FIG. 4 is a sectional view on the line 4-4 in FIG. 3.
Referring first to FIG. 1, a permanent magnet alternator includes a rotor shaft 11 carrying a fan 12, and a stator assembly 13 carrying windings l4.
The rotor includes a nonmagnetic sleeve 15 which has a splined engagement with the shaft 11. Keyed to the sleeve are a pair of spaced disclike magnetic clawsl6, l7 between'which is mounted a ferrite magnet 18. The claws 16, 17 are formed with interdigitated fingers l9 overlaying the periphery of the magnet 18, and the claws and magnet are held on the shaft in engagement with a shoulder 21 at one end thereof by a spring washer 22.
The ferrite magnet 18 is formed in three segmental parts one of which is shown in FIG. 2. Engaged with the periphery of these parts is a split aluminum or other nonmagnetic band 23.
The arrangement is such that when the rotor is rotated, the three parts of the ferrite magnet will move outwardly by a short distance, thereby expanding the band 23, but will be retained in position by the fingers l9 acting through the band 23. If a solid ferrite magnet I8 is employed, there is a serious danger of the stresses resulting from rotation bursting the magnet, but this problem is avoided by making the magnet in a number of parts which can move outwardly. The band 23 ensures that the fingers l9 accept the load evenly, and so not bite into the edge of the periphery of the magnet 18.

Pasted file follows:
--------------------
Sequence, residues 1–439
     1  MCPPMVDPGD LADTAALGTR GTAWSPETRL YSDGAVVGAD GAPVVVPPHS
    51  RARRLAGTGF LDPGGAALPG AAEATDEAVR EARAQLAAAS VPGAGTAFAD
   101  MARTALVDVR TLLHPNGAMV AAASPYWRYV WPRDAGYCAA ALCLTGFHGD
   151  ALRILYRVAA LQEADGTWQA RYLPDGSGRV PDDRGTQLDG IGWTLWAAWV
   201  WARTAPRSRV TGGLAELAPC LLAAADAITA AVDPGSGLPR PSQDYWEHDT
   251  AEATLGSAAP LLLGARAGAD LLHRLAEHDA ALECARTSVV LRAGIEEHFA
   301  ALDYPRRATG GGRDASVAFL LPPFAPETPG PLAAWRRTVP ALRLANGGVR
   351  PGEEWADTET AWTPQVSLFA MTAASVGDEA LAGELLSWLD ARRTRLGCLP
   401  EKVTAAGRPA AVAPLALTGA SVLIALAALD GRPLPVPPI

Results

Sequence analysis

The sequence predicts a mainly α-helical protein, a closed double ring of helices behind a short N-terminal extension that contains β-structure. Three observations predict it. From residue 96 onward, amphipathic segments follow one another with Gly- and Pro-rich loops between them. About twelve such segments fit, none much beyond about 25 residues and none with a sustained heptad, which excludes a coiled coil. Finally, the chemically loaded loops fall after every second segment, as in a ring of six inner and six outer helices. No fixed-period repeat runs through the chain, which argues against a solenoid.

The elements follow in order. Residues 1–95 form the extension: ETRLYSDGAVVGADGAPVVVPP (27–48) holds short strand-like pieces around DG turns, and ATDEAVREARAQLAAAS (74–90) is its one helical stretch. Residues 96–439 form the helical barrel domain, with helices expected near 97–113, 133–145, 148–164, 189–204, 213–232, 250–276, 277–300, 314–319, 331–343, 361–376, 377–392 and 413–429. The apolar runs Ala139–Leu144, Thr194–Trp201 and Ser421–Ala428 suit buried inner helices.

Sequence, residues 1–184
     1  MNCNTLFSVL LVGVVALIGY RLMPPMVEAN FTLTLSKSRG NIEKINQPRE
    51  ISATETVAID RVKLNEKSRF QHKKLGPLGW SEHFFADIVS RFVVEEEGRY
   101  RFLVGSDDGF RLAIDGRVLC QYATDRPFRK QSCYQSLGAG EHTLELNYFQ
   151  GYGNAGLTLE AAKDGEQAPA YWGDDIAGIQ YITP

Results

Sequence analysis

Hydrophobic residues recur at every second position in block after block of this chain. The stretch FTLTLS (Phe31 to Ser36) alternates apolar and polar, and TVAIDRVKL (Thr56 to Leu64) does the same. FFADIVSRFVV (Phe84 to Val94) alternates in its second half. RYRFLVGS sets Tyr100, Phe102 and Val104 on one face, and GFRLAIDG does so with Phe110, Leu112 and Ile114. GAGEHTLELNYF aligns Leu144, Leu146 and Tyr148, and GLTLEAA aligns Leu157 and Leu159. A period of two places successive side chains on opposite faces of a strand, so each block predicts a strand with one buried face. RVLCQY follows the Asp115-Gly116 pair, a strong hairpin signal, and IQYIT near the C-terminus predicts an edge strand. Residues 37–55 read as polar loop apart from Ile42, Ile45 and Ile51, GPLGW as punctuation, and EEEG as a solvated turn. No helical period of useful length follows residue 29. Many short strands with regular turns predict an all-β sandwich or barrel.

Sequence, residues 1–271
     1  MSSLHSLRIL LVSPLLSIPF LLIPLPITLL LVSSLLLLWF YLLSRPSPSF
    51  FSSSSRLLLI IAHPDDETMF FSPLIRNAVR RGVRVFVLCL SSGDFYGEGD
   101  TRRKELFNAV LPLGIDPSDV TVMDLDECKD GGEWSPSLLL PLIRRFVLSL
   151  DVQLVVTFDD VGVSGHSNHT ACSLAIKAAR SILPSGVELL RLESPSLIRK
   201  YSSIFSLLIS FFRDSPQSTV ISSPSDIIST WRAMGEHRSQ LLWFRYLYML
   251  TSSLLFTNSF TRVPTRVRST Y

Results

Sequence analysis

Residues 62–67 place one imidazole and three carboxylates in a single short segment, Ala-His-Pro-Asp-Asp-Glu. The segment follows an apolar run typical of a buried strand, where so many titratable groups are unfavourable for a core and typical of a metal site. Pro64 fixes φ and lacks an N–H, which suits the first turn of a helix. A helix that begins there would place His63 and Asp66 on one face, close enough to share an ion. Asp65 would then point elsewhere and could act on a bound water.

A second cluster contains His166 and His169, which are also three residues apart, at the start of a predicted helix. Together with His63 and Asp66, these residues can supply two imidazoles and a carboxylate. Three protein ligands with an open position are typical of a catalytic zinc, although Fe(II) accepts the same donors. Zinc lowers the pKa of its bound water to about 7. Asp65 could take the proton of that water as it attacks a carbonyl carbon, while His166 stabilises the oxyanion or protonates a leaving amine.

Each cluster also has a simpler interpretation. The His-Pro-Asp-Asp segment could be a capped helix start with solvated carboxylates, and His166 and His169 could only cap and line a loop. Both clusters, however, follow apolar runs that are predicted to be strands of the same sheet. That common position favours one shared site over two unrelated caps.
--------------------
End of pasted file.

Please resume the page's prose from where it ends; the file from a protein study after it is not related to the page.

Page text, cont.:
The invention can also be applied to an arrangement in which the rotor assembly includes two or more ferrite magnets in side-by-side relationship.
The rotor illustrated in FIGS. 3 and 4 is adapted to be connected to the flywheel of an engine, and includes a pair of annular claws 24, 25 similar to the claws l6, 17. The claws 24, 25 are formed with interdigitated fingers 26 which overlay the periphery of magnet 27, and the claws 24, 25 are mounted as an interference fit on a knurled, nonmagnetic sleeve 28. The magnet 27 is formed in six segmental parts 29 which are arranged in three equiangularly spaced pairs. The claw assembly is secured to the flywheel of the engine (shown in chain-dotted lines in FIG. 4) by three nonmagnetic bolts 31 which extend through the claws 24, 25 between adjacent pairs of magnet parts 29. Between the adjacent pairs of magnet parts 29 and the bolts 31 pass through rubber bushes 32 which are compressed when the rotor is assembled so as to take up circumferential tolerances between the magnet parts 29 and the bolts 31. The bushes 32 also prevent fretting ofthe magnet parts 29 by the bolts 31. A split, aluminum or other nonmagnetic band 33 engages the periphery of the parts 29 and acts in the manner of the band 23 in the first example, to limit the outward radial movement of the magnet parts 29. A stator assembly 34, similar to the stator assembly 13 in the first example surrounds the rotor.